Contributions from Luke Thill, Rubik Guru, Young and Vegan, Reece Umbreit, Imkarasu, Lights Camera Jackson, Jeondays, Reuben de Maid, Yaboyycam, The Report Of The Week, and Water Lily Arts.
From The Editor
We talk about The Internet a lot.
Engagement, Influencer, Cyberbully, Blogosphere, Online Dating, Social Networking, Micro-Blogging, User-Generated Content. Why is it that most of the terms we use in order to talk about The Internet sound as if they were coined by a fifty-year-old copy editor who still uses a flip phone? Because they probably were? The quality of the language itself—sterile, self-serious, and old—is the polar opposite of what it’s attempting to describe.
I have also talked about The Internet a lot and have tried to adjust my language to better suit it—to not sound like the dusty farts rambling on about hashtag culture. But The Internet has its own language, and it’s adjusting all the time, rapidly, aging like milk, and the thing you set out to describe honestly on its own terms will have redefined those same terms by the time you’ve finished describing it. You want to write an essay on memes? Good luck. How’s that dissertation on Gangnam Style coming along?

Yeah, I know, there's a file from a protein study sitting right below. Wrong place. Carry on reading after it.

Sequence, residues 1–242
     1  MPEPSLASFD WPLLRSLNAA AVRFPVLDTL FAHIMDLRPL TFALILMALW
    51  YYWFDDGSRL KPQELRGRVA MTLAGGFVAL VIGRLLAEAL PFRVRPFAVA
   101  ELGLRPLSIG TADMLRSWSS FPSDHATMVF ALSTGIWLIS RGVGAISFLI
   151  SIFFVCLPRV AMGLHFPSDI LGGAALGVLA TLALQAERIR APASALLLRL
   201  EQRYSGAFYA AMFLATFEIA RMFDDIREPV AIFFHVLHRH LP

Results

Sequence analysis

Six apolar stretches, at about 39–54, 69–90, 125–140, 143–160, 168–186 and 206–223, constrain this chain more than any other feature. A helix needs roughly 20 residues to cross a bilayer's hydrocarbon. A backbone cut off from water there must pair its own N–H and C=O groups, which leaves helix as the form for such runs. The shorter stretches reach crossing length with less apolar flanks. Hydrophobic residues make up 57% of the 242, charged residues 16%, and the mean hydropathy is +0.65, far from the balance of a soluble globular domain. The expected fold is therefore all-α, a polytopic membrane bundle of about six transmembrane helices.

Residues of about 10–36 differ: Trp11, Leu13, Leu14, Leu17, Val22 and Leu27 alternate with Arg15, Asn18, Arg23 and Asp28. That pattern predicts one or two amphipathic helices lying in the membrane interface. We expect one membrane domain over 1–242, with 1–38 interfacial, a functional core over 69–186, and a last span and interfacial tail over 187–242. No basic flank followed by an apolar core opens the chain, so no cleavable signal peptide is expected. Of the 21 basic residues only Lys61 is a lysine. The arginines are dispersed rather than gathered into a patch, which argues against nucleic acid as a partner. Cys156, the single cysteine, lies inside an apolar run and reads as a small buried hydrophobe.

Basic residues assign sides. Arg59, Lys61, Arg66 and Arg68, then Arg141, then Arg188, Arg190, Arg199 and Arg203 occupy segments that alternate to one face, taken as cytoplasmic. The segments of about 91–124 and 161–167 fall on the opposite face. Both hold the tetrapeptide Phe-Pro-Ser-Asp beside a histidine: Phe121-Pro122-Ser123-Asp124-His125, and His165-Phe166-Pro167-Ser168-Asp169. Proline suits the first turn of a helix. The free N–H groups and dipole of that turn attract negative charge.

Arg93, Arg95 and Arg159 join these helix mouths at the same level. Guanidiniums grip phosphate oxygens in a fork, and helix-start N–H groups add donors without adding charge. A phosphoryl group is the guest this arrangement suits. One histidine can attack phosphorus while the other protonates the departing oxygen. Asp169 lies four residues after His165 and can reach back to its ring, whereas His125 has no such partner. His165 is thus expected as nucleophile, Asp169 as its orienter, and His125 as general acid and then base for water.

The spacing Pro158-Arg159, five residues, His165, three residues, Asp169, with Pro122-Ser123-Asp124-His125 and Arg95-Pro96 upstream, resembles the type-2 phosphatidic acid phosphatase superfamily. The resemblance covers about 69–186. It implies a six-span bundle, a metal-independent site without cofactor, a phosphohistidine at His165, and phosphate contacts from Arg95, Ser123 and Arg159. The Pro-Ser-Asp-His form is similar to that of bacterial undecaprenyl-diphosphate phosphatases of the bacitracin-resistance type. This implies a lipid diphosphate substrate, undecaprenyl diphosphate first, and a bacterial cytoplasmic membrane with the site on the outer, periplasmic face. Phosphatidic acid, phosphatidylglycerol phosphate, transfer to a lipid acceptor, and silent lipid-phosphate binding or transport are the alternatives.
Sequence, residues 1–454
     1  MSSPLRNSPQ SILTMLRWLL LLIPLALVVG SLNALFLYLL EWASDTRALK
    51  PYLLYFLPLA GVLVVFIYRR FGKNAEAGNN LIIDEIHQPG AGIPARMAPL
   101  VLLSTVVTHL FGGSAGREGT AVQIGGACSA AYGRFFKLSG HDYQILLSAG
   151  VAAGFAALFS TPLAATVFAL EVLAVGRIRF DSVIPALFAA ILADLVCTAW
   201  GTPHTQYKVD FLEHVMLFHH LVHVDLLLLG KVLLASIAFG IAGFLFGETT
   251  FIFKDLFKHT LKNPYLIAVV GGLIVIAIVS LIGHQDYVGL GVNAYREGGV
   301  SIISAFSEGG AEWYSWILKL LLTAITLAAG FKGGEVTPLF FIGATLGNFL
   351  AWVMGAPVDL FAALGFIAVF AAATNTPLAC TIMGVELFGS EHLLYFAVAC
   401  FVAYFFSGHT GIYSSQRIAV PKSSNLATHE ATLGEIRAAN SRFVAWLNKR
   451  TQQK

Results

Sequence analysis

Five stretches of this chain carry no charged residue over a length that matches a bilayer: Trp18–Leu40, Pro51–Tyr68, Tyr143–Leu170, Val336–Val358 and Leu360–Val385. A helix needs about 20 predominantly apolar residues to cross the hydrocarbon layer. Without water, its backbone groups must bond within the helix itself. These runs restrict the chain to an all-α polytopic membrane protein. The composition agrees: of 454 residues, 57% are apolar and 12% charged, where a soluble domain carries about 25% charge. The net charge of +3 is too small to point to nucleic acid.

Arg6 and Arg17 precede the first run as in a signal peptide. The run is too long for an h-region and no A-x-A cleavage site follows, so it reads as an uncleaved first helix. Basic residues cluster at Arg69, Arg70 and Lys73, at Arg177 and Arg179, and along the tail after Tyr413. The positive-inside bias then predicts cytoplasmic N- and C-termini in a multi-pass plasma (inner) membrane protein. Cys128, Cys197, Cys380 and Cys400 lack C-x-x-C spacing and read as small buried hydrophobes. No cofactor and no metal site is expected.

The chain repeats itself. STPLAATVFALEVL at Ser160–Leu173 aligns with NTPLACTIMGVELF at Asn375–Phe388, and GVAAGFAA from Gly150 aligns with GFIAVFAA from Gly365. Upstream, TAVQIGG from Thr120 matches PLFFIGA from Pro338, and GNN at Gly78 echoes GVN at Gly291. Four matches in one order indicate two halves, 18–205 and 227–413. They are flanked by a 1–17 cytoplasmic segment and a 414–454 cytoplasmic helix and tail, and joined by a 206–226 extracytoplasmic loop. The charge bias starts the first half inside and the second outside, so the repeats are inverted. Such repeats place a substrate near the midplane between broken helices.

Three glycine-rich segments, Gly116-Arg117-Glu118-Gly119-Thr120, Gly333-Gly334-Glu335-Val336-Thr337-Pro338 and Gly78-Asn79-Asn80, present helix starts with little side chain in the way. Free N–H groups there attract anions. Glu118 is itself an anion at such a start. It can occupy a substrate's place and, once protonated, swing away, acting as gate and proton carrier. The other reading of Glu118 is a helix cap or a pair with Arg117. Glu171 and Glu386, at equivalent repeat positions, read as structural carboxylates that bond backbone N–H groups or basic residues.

Eventually, I realized that maybe the problem wasn’t my words—it was my impulse to describe it in the first place. The Internet needs no describing; it is its own description. It should be observed. It should author itself. And the people who are currently truly living it—not observing it from the outside— the people who will one day grow up to be crusty, out-of-touch losers like me, banging their head against a wall wondering why they sound so damn old—are kids.
So let’s listen.